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It's hard to believe that it was in August 1997 that Princes Diana died and a visit to Althorp brings back many memories of her life and work.

On a glorious sunny day, the stately home stands majestic in many acres of land, and one has to imagine Diana as a child being brought up here, with a team of nannies and servants. A beautiful house, but not really a home; austere and formal and literally miles from the nearest neighbour.

Parking is in a field just across from the main entrance, and there is a minibus service for those who prefer not to walk to the house itself. Probably around 500m or so but just that bit too far for those less mobile, and this is a welcome touch.

The stately home is open for 6 weeks each year and a team of friendly and helpful staff are shipped in, many of whom have been working here for years and clearly love the house, the family and its incredible history.

Charles Spencer rules the roost, and as one wanders around the home (audio guide offered for a supplement of £3), it is incredible how many paintings are on display of the family through the years. It is said that the Spencers are more royal than the Royal family, and this collection is living proof of that. Recent renovations to the house necessitated the selling of a painting for a cool £11 million. A useful way to work really when you can trade an heirloom or two to pay the bills. Like an aristocratic e-bay.

Diana's presence is not really felt in the house itself apart from one beautiful portrait next to her brother. We are told that the house is used for guests who visit the literary festival, and for weddings and other events. Four poster beds abound, although I am not sure I would want to sleep in a room with quite so many paintings of stern looking nobility staring at me. Charles has juxtaposed 2 very modern paintings within the collection – like them or hate them, they are a talking point. Next to a line up of Charles' II mistresses is a painting of the actress Jaime Winstone looking like a rock chic / drug addict. It startles the senses, but that is the intention.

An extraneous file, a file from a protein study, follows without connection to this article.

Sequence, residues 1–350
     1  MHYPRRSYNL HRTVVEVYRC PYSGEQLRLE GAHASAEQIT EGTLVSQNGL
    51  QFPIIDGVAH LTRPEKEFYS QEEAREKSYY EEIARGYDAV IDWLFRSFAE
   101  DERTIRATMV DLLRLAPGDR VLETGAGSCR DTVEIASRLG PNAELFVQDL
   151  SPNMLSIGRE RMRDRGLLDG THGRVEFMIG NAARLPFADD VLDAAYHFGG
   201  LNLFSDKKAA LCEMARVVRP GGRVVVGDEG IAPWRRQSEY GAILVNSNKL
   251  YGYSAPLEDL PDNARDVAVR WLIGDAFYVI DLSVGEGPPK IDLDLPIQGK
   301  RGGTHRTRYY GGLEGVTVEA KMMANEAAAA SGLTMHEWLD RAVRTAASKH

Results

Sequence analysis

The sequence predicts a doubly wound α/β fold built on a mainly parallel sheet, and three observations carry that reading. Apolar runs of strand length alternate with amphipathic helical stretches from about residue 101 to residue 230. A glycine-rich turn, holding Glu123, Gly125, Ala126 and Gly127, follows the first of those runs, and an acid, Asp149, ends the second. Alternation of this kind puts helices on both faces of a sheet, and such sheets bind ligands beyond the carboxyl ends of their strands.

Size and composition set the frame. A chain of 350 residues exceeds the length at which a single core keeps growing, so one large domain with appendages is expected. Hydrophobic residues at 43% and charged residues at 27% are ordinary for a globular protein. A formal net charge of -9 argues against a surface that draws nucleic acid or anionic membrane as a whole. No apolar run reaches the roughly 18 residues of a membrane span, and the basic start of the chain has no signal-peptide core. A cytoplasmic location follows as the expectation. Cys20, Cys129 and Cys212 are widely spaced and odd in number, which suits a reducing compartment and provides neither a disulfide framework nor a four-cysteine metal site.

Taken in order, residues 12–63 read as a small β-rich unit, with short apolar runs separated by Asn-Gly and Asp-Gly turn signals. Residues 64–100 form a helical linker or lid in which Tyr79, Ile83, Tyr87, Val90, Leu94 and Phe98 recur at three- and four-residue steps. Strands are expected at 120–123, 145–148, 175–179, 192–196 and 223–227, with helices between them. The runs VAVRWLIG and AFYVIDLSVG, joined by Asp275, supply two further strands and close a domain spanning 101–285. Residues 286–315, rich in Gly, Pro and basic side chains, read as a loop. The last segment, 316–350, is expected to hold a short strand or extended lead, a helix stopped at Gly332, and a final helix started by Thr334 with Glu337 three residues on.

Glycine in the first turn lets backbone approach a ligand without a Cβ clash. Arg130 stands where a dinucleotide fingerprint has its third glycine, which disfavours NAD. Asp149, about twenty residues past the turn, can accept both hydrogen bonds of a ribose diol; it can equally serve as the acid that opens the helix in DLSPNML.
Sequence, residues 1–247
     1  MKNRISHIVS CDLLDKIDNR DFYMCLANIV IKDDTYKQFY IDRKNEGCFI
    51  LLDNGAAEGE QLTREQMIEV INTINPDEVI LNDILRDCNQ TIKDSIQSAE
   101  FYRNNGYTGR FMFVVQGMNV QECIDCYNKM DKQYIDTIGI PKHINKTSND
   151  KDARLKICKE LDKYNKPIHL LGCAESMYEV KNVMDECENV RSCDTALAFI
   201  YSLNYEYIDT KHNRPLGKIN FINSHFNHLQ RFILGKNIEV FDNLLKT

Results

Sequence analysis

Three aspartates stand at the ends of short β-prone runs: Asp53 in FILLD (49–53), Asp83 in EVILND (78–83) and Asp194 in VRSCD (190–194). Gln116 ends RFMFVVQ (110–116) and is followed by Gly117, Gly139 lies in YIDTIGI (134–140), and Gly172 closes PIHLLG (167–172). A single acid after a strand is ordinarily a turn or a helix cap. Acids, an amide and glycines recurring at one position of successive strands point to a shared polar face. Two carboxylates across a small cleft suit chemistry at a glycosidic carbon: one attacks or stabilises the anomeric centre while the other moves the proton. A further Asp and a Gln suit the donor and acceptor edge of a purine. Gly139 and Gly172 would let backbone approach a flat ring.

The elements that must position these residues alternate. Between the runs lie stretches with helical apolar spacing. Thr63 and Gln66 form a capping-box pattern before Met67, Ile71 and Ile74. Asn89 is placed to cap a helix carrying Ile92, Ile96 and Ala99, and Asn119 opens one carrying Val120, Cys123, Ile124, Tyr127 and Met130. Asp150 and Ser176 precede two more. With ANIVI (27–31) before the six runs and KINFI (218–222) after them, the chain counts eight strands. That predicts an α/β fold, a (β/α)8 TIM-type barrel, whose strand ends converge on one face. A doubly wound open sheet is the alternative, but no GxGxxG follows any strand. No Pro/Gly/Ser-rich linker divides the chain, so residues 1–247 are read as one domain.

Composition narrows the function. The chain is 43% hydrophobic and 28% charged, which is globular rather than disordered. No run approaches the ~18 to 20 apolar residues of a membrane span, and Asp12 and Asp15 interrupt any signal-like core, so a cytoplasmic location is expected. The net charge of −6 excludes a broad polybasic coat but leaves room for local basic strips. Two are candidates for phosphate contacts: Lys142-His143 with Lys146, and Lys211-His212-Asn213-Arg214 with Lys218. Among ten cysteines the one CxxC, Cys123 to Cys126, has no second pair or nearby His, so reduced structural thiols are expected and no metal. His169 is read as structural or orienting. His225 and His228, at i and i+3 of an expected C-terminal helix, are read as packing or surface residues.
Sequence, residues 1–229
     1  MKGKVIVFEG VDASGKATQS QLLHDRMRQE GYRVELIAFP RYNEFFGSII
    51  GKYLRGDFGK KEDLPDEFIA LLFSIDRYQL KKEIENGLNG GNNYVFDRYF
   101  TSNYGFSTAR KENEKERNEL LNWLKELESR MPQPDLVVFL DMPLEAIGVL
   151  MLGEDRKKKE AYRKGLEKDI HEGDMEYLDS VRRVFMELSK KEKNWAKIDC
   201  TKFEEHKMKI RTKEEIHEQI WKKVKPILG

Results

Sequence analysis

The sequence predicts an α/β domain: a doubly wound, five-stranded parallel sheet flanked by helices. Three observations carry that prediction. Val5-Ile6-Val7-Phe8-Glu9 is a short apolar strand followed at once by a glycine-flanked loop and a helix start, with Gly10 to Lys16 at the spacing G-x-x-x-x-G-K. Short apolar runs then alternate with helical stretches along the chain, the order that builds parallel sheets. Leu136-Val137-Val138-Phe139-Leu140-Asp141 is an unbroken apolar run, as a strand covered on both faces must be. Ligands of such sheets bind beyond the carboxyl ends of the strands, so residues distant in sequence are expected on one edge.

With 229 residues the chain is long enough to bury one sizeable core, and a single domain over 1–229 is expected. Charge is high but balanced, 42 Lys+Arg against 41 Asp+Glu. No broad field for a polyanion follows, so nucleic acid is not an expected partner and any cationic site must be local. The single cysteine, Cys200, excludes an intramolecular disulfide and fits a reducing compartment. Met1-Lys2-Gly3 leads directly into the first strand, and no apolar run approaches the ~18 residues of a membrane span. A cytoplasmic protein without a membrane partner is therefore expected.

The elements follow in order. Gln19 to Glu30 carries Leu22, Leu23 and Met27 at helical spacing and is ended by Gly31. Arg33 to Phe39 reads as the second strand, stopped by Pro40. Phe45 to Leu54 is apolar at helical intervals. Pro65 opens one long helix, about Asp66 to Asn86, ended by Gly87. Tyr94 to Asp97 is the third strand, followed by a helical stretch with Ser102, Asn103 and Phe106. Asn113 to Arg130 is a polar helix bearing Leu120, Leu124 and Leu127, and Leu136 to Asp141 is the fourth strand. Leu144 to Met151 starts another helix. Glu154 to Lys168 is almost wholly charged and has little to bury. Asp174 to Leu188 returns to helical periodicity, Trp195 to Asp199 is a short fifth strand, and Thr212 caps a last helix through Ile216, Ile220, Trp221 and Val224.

The stable block is dedicated to Diana with early footage of her childhood which is very poignant, as well as memorabilia such as a page from her diary (a reminder to go to lunch at the Savoy gives a flavour of her life). Other rooms show her work with the landmines and the Red Cross, as well as many of her clothes, including the original dress which looks fussy and dated all these years later. There is little mention of HRH Prince Charles, one assumes that is the decision of Charles Spencer.

The visit is completed by a beautiful stroll around the lake at the centre of which is an island where Diana's body was taken. It feels remote and isolated – a metaphor for much of her life one imagines.

A very nice café and gift shop complete the visit. The food on offer is varied and well priced, and a lovely courtyard was the perfect spot to enjoy an ice cream.

Those with limited mobility would not be able to visit the upper floor of the house, but the stables are very accessible, and a wheelchair user would easily be able to be pushed around the lake walk.

We found out that the stable exhibition is closing at the end of this summer, although it is not know where it will be relocated to. One would hope that it will be to else where in the house, otherwise the visit to Althorp would be sadly diminished.

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